Ferguson said he had been instructed at his own expense to hire a licensed land surveyor -- he did not pick the one choice offered by Gorge Commission staffers -- to answer his question. Then the surveyor's findings were rejected outright without any factual basis. Instead, Ferguson said the Gorge Commission tried to "work a deal" with him that would place "100 feet or so" of his land within the Scenic Area and, when that was refused, demanded that he work with the new GIS coordinator.
Ferguson said that "bad scientific approach" was compounded by arguments over whether the width of the "Magic Marker" line drawn to depict the Scenic Area boundary -- representative of a 40-mile wide swath at some points -- should apply.
"What I encountered was either serious incompetence or dishonesty and I don't see any other explanation for their behavior," said Ferguson. "The residents of the Gorge have an incredibly difficult challenge; how do they convey to the outside world how they are being treated?"
For example, Ferguson said the Royse family in Dobson was told that they couldn't reclaim their property which was covered by natural debris from a landslide in 1996 because rock crushing activities would be considered "mining," which is illegal under the Scenic Area Act.
"Who in Portland would stand for a tree falling on their house and then being told they couldn't remove it because logging was not allowed in the urban area?" asked Ferguson.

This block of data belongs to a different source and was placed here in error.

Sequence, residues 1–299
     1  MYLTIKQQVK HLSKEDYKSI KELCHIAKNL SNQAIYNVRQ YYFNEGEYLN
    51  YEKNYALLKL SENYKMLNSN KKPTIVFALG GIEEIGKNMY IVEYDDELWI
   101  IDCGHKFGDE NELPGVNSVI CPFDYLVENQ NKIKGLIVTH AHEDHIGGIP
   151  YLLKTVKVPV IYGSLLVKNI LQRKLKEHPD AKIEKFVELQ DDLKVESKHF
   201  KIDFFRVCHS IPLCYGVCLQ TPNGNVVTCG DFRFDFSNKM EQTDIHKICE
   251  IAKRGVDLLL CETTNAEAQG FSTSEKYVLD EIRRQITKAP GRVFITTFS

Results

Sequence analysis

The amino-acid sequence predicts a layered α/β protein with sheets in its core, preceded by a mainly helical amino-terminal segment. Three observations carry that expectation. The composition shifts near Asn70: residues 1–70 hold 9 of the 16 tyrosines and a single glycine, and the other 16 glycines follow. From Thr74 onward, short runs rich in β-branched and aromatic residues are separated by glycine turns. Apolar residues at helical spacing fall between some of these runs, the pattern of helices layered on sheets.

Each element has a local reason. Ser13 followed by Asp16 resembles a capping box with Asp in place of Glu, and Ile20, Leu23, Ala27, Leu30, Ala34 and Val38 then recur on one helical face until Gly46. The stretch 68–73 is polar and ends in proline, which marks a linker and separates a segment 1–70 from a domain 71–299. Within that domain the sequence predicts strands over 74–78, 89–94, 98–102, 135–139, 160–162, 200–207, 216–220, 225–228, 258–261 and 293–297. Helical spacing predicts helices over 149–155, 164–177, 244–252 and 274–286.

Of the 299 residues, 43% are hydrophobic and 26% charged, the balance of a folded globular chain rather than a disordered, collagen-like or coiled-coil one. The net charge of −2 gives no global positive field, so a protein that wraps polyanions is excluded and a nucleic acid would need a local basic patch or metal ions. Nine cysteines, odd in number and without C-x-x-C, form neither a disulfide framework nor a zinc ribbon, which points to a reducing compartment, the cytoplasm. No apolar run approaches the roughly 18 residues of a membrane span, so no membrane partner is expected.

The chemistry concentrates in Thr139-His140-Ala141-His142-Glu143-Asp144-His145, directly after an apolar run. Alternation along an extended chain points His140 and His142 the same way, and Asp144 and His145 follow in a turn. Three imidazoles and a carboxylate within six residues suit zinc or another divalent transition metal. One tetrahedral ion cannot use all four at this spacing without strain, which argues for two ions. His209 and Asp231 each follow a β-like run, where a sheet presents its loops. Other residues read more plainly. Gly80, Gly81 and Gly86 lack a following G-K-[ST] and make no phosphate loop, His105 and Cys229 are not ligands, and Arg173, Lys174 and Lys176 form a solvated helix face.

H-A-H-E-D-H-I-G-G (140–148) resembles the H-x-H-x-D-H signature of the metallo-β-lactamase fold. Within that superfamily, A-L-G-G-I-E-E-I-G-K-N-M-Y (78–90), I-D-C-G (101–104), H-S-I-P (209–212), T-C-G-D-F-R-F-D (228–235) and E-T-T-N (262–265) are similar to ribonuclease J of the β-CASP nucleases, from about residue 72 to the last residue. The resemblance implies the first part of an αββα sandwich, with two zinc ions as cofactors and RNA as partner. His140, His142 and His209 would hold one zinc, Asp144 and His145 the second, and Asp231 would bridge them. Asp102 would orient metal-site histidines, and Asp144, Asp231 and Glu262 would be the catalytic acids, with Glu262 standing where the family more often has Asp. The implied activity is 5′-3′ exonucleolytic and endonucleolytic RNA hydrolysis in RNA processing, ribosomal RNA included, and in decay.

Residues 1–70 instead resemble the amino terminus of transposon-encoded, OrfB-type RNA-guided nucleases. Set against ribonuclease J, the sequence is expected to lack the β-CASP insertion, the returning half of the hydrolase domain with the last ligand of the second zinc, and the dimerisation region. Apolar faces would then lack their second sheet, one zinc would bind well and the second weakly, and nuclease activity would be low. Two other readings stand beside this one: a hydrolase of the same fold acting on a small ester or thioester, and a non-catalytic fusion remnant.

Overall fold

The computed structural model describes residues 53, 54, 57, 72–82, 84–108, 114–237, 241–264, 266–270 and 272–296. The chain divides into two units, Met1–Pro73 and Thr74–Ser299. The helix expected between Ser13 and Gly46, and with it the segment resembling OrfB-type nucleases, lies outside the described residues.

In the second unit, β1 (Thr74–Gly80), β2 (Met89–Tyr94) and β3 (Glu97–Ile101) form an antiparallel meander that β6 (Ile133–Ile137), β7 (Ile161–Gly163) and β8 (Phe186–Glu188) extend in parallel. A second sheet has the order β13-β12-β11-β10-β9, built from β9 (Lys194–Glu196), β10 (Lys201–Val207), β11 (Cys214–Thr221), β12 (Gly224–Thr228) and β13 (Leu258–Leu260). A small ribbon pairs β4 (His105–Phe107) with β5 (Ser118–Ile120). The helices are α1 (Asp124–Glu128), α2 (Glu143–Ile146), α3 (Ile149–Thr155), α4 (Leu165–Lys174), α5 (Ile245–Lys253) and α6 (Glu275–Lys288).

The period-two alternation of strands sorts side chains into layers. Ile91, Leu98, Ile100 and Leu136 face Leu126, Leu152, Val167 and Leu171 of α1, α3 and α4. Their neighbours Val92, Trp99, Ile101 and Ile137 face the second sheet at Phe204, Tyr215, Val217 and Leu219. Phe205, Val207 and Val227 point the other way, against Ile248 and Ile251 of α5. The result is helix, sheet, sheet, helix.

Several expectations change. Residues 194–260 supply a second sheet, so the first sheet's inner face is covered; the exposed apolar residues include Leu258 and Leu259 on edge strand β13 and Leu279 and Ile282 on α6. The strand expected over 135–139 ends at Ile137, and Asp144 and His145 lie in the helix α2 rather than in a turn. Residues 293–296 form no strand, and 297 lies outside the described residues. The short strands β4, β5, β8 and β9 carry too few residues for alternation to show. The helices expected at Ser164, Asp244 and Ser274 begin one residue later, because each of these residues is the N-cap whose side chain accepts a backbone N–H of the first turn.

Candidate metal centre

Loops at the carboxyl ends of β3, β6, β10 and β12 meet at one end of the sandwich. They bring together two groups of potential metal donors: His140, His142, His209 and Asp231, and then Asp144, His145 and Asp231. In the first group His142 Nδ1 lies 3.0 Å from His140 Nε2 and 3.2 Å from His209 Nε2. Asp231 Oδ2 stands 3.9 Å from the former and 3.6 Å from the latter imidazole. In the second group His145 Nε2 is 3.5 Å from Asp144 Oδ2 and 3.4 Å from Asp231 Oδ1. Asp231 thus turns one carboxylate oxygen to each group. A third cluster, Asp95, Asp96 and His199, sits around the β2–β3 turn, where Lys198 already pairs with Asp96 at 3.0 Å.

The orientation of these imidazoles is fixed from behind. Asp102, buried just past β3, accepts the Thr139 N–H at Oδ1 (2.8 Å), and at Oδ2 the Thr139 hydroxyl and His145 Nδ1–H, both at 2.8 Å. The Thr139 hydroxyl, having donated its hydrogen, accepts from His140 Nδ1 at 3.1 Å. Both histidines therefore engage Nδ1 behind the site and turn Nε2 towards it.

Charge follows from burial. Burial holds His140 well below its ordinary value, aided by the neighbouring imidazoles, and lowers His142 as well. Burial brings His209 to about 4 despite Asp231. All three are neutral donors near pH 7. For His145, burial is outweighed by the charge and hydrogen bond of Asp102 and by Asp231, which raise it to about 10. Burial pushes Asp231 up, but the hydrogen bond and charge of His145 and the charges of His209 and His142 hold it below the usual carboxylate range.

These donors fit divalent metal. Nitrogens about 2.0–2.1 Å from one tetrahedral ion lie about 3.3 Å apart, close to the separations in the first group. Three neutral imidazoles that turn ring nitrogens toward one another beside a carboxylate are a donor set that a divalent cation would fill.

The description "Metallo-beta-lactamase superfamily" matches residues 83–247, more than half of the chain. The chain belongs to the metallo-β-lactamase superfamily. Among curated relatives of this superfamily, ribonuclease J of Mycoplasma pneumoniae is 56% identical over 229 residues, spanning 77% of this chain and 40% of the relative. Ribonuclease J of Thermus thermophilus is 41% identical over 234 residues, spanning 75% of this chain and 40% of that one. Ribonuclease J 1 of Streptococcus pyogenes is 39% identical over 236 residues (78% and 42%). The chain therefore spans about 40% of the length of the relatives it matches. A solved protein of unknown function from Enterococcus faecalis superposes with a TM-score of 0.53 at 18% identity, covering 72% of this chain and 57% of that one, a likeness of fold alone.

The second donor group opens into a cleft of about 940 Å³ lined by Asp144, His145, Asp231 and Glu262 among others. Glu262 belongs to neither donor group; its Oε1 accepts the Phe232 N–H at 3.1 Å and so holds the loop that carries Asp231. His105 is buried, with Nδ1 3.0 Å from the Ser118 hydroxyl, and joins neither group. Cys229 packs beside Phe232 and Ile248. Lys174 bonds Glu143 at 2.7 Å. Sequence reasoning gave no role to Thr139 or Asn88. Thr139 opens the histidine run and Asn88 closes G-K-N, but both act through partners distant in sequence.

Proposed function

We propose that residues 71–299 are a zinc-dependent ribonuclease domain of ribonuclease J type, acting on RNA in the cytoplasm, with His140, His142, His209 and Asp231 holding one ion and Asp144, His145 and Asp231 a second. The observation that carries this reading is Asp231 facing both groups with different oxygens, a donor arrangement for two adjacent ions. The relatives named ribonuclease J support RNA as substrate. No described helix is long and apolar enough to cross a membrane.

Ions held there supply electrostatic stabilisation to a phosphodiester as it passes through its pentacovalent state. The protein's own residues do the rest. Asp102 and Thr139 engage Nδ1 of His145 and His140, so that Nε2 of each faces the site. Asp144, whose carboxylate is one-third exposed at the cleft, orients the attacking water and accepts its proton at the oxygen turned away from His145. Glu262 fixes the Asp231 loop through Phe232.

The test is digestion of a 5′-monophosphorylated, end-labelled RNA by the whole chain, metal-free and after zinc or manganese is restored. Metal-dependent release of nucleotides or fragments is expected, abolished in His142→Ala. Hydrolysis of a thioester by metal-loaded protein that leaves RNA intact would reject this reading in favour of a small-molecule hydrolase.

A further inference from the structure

Even when directed by the Gorge Commission to take an action, other landowners said the staff continued to make "arbitrary and capricious" decisions.
Joy Collins, representing Lyle, Wash., resident Gail Castle, said the highly publicized case did not have the happy ending most people believed it did. She said Castle had been prohibited by a "gag order" from publicly speaking about the continuing problems she had with Gorge Commission staffers. Although last year Castle won her contested battle to build a replacement home on her 2,000-acre ranch, she has since been required to plant so many trees in the rocky ground to "minimize" its visibility that she is being cut off from her own view of the Gorge.
Even Rep. Chris Beck, D-Portland, a committee member, said he had faced a "frustrating" eight-year process to gain a "simple" demolition permit for property in the Gorge. However, he also said that while many of the hardship cases drew "sympathy on the surface" they were also legally precedent setting.